The present study aimed to investigate the role of an acute dietary intake of corn flakes and quinoa, which are cereals commonly consumed by the population, on inflammatory markers of a group of overweight postmenopausal women. It is known the prevalence of inflammation increases after menopause due to the withdrawal of ovarian estrogens [1,2,14]. Due to controversies in regard to the use estrogenic hormone therapy, novel therapies that aim to diminish the deleterious effects of inflammation without deleterious estrogenic effects should be investigated. Corn flakes and quinoa present nutritional factors with antioxidant, anti-inflammatory and lipid-lowering effects [4-7]. Our double-blinded-4-weeks intervention showed a decrease in serum IL-6 levels in quinoa group, which was not observed in corn flakes, indicating that there was an evidence that quinoa could be used in order to treat inflammation processes after menopause. There was a decrease in the percentage of body fat only in corn flakes group, which could be associated with their decrease in lipid intake during the intervention. Despite there was a decrease in their body fat mass, it was not observed a decrease on inflammatory markers, which was expected [15], indicating that neither the decrease in the body fat mass nor the intake of corn flakes led to reduced inflammatory markers. On the other hand, there was an increase in fiber intake in the quinoa group, which could be associated to quinoa´s high content of fiber. Quinoa contains about 7 g fiber/100 g grains, a relatively high content compared to corn flakes (1.1 g/100 g food) [16]. Ma et al. [17] observed that women who consumed elevated amount of fibers had lower plasma concentrations of IL-6 and TNF-α receptor 2, showing the protective effect of fiber intake, and especially fibers from grains. Other nutrients from quinoa, such as vitamins, especially vitamin E, that contain antioxidant properties, interact with free radicals and diminishes the inflammatory process [7]. De Carvalho et al. [18] showed possible benefits of quinoa intake against oxidative stress. They evaluated the effects of 25 grams of daily consumption of quinoa during 4 weeks on oxidative stress markers, total cholesterol and fractions of cholesterol in a group of postmenopausal women, and they found a reduction of total cholesterol and LDL-cholesterol. It is known that high LDL-cholesterol concentrations are related to an elevated cardiovascular risk [19]. Since quinoa intake can regulate cholesterol concentrations, as shown by De Carvalho et al. [18], we believed that, in the present study, quinoa intake was partly responsible for the reverse of the serum IL-6 levels, which could not be observed in the corn flakes group (Table 3). A possible limiting factor of the present study was the short length of the intervention period, which was probably insufficient to promote significant changes in all variables studied. However, in our knowledge, we emphasize that this was the first study that evaluated inflammatory markers after a consumption of quinoa or corn flakes. Thus, the present study suggested that a daily consumption of 25 g quinoa for a period of 4 weeks reversed IL-6 serum levels in a group of overweight postmenopausal women, indicating that it can be considered for the treatment of in the inflammatory process of postmenopausal women. Other studies should be performed to investigate the effect of quinoa intake on inflammatory markers, and considering alternative amounts of quinoa intake and periods of supplementation.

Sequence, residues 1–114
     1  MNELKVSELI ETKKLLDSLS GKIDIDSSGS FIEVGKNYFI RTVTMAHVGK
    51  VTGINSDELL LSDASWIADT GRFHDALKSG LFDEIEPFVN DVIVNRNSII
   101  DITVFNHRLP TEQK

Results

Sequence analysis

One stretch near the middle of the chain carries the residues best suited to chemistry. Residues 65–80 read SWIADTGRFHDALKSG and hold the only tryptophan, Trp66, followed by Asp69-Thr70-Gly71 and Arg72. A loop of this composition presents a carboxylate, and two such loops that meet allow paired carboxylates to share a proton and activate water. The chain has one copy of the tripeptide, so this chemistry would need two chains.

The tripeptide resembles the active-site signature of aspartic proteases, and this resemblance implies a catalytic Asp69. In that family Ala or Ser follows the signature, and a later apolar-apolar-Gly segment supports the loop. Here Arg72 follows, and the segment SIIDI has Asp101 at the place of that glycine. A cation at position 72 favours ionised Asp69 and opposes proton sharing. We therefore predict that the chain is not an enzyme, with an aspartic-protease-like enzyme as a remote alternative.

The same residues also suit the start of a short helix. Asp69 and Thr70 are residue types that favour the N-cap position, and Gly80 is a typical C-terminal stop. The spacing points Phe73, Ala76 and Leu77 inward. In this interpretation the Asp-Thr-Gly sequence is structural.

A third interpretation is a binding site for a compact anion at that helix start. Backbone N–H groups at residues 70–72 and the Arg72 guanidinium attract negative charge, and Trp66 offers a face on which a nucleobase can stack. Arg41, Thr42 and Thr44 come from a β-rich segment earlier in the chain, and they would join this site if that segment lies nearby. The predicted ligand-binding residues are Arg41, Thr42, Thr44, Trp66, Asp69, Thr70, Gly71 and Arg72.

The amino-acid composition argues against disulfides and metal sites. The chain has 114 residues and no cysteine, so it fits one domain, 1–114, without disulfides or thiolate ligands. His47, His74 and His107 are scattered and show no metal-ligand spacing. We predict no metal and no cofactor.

Corn flakes group Quinoa group
  T1 T2 T1 T2
IL-6 (pg/ml) 1.9 ± 0.3a 2.4 ± 0.4a,b 3.6 ± 0.8b 2.7 ± 0.5a,b
TNF-α (pg/ml) 10.1 ± 0.8a 9.7 ± 0.8a 9.8 ± 1.2a 9.7 ± 1.0a
Urinary ENL (nm/ml) 2.0 ± 0.3a 2.2 ± 0.3a 2.9 ± 0.4a 3.4 ± 0.7a

Table 3: Inflammatory markers and urinary enterolactone in corn flakes and quinoa groups

Funding

The study was funded by Fundação de Amparo à Pesquisa do Estado de São Paulo (FAPESP, Process: 2009/11463-6). The author’s contributions for this study were: FGC: study design, collection of data, analysis and interpretation of data, and writing of the manuscript; RSS: study design, analysis and interpretation of data and writing of the manuscript; ALC, OI, JSM and AMC: analysis and interpretation of data.

Competing interest

Authors declare there was no competing interest in the study.